On the eve of the finale of the Texans’ lost 2020 season, Jack Easterby preached. In the preceding weeks, as scrutiny both inside and outside the building swelled around the character coach turned acting GM, Easterby seemed to some to have been keeping a lower profile. But now, he took acting head coach Romeo Crennel’s place at the head of a team meeting.
Easterby delivered a speech that was described in multiple direct accounts as a lengthy missive intended to be rousing. The discourse centered almost entirely on Deshaun Watson, the Texans’ star quarterback at the end of a historically great—if wasted—season. Easterby, those sources said, was effusive in his praise for the quarterback, but to the dismay of many, he did not extend the same attention to: J.J. Watt, the team leader and greatest player in franchise history, who was on the verge of completing only his second healthy season in the past five years; the turmoil that engulfed the organization; the midseason firing of coach Bill O’Brien; or the future of a franchise seeking new leadership.
Easterby, in answering emailed questions from Sports Illustrated via a team spokesperson, described it as a “brief intro speech” and that “afterward, I was thanked by many players and coaches for my words.” But multiple players texted their representatives that night to describe a meandering address unlike any they’d heard. Others, one source said, left the meeting “pissed off,” believing Easterby’s only intention was to curry favor with the quarterback. Watson, if anything, was embarrassed by the show, two sources said.
Four months earlier, Watson had signed a four-year, $156 million extension that tied him to this team through 2025, when he would be 30 years old. But throughout the season, two sources close to Watson say, his frustration grew. Watson was told by team owner Cal McNair he would have input in the search for the franchise’s next general manager and head coach, and the two talked on multiple occasions through the season’s final weeks.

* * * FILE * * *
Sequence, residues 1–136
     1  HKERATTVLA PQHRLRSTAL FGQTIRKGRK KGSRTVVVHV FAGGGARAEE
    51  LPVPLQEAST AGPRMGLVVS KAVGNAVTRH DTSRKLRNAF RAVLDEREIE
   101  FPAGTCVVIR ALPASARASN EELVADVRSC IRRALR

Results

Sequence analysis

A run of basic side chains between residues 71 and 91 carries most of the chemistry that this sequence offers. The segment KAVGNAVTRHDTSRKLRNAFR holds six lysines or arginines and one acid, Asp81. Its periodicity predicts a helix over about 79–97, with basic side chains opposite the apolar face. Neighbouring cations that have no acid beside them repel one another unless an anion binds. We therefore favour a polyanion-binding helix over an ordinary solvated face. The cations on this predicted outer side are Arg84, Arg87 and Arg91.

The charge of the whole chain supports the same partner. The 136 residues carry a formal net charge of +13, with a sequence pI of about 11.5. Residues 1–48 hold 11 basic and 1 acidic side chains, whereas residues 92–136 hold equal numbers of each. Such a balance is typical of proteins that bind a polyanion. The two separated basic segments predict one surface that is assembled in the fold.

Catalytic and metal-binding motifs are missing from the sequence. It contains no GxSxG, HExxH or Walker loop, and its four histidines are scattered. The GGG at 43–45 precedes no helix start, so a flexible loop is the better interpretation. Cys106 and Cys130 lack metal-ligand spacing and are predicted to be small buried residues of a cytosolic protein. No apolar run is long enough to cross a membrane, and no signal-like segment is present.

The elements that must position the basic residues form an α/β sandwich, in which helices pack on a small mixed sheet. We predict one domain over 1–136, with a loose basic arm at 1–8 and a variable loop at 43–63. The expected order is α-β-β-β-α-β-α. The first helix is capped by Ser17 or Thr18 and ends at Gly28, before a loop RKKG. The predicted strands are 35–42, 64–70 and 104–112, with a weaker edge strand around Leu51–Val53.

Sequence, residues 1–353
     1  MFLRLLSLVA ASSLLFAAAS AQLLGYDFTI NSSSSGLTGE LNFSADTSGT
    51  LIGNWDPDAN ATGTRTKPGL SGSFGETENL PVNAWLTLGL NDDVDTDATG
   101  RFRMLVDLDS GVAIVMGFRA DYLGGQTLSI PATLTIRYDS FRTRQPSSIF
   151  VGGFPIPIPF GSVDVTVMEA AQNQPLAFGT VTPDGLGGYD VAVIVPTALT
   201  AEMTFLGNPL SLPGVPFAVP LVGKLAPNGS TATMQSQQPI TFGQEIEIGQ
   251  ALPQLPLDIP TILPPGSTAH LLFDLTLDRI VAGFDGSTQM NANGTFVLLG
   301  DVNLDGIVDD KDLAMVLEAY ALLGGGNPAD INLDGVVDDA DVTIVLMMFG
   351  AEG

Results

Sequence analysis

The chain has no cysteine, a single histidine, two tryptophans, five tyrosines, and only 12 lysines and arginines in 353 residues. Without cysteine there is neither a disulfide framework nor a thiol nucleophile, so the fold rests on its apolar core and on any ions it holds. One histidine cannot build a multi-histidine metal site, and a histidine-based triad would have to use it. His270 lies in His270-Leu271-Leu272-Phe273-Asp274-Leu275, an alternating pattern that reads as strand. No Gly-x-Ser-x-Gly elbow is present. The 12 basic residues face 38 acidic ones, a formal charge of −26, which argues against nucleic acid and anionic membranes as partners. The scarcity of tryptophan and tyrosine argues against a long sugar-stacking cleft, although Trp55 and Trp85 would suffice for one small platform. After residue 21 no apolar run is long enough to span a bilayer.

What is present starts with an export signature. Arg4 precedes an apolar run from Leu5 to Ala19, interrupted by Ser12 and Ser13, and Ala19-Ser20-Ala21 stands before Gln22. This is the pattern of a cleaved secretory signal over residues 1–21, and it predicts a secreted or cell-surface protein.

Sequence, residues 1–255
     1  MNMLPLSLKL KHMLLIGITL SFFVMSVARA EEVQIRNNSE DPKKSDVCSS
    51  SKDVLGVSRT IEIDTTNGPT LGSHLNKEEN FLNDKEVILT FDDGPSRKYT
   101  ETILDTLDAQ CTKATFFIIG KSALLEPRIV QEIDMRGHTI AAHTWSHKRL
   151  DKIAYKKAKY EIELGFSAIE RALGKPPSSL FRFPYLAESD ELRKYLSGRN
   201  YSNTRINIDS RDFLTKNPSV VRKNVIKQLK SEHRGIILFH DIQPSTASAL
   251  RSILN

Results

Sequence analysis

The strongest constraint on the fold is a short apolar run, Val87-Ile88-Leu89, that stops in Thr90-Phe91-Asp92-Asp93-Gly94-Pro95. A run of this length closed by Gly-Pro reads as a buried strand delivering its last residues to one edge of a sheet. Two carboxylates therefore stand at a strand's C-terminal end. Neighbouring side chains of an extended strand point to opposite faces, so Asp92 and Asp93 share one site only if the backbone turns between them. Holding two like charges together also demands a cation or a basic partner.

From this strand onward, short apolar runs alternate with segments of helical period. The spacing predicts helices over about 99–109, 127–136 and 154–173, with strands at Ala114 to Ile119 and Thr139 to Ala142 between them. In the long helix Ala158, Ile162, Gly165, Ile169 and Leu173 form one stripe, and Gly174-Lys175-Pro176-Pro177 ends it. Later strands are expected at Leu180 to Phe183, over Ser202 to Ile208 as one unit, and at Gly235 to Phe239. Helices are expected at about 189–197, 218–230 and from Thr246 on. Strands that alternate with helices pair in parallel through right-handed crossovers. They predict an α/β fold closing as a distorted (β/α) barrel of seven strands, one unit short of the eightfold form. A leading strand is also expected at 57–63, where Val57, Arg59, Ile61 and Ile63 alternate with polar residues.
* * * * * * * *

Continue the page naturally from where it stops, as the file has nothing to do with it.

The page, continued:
Watson told McNair he wanted to create a “winning culture” in Houston, similar to his experience in college at Clemson, where he won a national title in 2016. He also sought for the franchise decision-makers to “get on the same page,” ending the division created and flamed since Easterby’s arrival in 2019. Watson even made his critiques more public, saying of the organization at his press conference after the season-ending loss to Tennessee: “There’s no real foundation in view.”
The Monday after the season ended, Watson took off for a vacation in Mexico to think about his future. What he didn’t know was that a plan was already underway—one that was not born out of his input or that of multiple high-ranking team executives, prominent consultants or the search firm McNair had paid handsomely to choose the team’s new leaders.
Rather, the person accompanying McNair on a flight out of town Monday morning was the one the owner had asserted would not be part of the team’s search committee, and whose future he said would be decided by the next GM: Easterby. They were en…
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